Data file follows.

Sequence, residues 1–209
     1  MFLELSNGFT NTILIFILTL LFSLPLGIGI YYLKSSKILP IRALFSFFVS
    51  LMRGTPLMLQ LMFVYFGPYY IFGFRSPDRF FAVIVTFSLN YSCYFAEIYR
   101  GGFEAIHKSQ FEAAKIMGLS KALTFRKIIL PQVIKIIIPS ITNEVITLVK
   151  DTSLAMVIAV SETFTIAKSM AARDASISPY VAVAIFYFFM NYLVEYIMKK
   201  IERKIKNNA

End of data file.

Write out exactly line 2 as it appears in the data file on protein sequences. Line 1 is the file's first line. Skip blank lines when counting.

     1  MFLELSNGFT NTILIFILTL LFSLPLGIGI YYLKSSKILP IRALFSFFVS